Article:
The LEGO Friends have always been a bummer considering LEGO's otherwise pretty decent track record of creating toys that offer representation without gendering, but this latest development is truly disappointing. LEGO execs, I sentence you to a lifetime of stepping on bricks of your own creation.
The LEGO Friends line of products is a black mark on LEGO's otherwise impressive recent record of gender-neutral marketing, but as the SuperFriends Project demonstrated earlier this year, just because the toys themselves might be less than awesome doesn't mean master builders can't give the minifigs a radical makeover.
The LEGO Friends line of products got a lot of flak from feminist critics when it was first introduced, mostly because it took what was envisioned as a completely gender-neutral toy and turned it into a very tradition-conforming example of femininity. The pastel-hued sets are inspired by shopping malls and Disney princesses; the minifigs have bright eyes and slender waists. And there's so much pink! You know what the LEGO Friends could use? Some superheroes.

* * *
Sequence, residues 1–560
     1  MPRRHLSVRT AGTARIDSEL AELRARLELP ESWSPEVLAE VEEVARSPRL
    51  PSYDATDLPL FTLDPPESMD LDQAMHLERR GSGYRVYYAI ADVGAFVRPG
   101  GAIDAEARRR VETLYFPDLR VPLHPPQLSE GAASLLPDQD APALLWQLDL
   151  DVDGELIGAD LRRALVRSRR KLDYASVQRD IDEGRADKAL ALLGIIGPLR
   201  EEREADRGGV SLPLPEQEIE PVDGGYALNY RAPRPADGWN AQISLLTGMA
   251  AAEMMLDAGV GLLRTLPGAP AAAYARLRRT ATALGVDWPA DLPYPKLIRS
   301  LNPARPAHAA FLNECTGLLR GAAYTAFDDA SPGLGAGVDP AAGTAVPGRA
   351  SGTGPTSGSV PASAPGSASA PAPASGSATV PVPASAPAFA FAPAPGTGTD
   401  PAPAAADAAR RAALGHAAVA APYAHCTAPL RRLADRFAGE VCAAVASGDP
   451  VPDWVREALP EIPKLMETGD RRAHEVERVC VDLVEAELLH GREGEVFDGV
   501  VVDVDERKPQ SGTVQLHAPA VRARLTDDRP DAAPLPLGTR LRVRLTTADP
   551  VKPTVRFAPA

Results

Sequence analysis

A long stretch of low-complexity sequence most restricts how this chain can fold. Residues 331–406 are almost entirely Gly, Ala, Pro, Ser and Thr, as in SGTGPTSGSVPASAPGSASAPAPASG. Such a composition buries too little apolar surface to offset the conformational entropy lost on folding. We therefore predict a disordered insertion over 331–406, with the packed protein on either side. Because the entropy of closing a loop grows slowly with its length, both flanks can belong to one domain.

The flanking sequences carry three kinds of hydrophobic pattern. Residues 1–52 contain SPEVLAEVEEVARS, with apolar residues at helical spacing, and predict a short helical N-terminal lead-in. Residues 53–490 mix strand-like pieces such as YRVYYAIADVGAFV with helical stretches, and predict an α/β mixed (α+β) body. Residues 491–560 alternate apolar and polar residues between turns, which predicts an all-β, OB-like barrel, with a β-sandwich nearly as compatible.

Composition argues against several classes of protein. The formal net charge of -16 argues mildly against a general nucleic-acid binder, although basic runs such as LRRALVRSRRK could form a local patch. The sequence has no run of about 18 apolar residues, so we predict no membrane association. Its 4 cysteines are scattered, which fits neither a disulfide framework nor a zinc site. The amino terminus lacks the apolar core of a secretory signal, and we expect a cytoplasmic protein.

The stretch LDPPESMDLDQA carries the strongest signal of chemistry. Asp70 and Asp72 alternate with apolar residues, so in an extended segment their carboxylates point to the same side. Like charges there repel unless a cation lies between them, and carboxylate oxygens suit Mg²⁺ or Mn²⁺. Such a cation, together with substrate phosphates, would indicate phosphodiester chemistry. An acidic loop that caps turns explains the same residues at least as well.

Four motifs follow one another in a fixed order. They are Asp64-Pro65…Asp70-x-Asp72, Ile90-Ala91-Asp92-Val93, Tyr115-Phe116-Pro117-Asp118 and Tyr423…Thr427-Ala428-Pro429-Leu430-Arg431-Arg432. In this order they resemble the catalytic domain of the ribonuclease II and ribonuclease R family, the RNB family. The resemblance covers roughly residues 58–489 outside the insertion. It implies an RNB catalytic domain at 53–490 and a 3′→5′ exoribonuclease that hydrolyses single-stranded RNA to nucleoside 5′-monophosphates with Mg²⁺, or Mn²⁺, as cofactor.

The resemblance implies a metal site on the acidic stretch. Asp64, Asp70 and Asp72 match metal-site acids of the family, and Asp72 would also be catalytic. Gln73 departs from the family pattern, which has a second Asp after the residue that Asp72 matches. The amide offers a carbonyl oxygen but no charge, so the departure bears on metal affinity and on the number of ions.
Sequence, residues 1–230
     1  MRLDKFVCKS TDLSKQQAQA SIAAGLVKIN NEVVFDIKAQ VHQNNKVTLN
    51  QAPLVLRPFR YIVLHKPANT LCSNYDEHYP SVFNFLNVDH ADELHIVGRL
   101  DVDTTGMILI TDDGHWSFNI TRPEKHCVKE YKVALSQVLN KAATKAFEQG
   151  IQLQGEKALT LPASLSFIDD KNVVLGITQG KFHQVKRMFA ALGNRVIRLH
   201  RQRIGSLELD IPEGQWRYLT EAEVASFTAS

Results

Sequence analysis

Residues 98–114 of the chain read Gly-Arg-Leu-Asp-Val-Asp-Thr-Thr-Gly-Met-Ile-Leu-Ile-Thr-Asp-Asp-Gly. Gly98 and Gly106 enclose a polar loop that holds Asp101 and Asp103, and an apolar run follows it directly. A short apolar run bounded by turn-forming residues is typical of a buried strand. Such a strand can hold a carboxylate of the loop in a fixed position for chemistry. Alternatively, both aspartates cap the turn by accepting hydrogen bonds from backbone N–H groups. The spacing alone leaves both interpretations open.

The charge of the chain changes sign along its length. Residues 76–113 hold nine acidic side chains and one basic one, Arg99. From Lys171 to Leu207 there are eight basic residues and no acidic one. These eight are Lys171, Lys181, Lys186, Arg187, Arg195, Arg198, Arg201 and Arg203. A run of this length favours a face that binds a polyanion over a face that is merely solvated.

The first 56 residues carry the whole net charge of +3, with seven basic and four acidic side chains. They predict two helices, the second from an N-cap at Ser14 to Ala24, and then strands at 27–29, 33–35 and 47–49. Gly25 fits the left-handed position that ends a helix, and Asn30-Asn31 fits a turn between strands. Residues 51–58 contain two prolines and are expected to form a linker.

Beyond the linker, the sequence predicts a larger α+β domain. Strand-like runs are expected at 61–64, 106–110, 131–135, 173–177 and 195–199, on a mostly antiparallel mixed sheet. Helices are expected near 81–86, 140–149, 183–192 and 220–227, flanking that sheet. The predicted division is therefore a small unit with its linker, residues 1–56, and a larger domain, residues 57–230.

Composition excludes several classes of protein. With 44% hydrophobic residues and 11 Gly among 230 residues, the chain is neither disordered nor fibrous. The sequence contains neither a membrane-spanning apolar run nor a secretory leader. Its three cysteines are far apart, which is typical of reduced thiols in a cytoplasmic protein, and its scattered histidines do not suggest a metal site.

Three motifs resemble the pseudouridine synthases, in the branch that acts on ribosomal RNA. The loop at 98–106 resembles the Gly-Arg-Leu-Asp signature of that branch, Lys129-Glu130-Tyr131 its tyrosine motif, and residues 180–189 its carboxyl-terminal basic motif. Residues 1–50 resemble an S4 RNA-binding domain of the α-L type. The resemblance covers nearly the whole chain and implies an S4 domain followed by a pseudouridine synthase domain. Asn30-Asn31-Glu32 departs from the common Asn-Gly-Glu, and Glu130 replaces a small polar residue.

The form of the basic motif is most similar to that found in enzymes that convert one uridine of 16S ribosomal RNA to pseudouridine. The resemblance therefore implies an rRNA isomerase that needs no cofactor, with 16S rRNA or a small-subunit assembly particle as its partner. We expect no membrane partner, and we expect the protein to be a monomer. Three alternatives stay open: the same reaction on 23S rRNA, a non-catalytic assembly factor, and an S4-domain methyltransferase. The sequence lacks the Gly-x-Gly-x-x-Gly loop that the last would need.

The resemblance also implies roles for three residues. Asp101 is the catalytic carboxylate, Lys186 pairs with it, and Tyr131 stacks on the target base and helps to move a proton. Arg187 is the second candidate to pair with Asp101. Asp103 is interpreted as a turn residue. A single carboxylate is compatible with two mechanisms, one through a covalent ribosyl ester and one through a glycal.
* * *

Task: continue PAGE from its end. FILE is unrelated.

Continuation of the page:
This 1981 advertisement for Lego sets has been given a renewed life in the reaction to Lego's Friends line, a line of Lego products that remain the only ones marketed expressly at girls, with minifigures that are incompatible with other Lego products. Apparently this mostly passed by Rachel Giordano, the thirty-seven year old naturopathic doctor who was once the little girl featured in the ad. Women You Should Know.net tracked Giordano down to interview her and recreate the photo with a modern Friends set (a news caster van thats interior contains, not broadcasting equipment, but a makeup vanity).
When I first heard LEGO was teaming with Disney for Princess sets, my first thought was "Yes! Finally I get some minifigs I've always wanted!" And then I realized they weren't the regular minifigs but more like the recent LEGO Friends sets. I'm personally disappointed but I know a lot of folks really like these, so take a peek at our first preview of the line. And don't miss Flynn Rider looking utterly lost.